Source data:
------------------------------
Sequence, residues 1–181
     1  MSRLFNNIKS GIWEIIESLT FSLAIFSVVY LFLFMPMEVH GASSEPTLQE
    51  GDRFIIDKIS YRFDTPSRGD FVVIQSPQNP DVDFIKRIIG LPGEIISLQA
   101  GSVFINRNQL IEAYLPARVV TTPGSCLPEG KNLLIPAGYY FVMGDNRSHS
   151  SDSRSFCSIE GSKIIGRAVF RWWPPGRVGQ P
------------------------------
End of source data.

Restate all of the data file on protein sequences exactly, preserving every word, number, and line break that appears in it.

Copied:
Sequence, residues 1–181
     1  MSRLFNNIKS GIWEIIESLT FSLAIFSVVY LFLFMPMEVH GASSEPTLQE
    51  GDRFIIDKIS YRFDTPSRGD FVVIQSPQNP DVDFIKRIIG LPGEIISLQA
   101  GSVFINRNQL IEAYLPARVV TTPGSCLPEG KNLLIPAGYY FVMGDNRSHS
   151  SDSRSFCSIE GSKIIGRAVF RWWPPGRVGQ P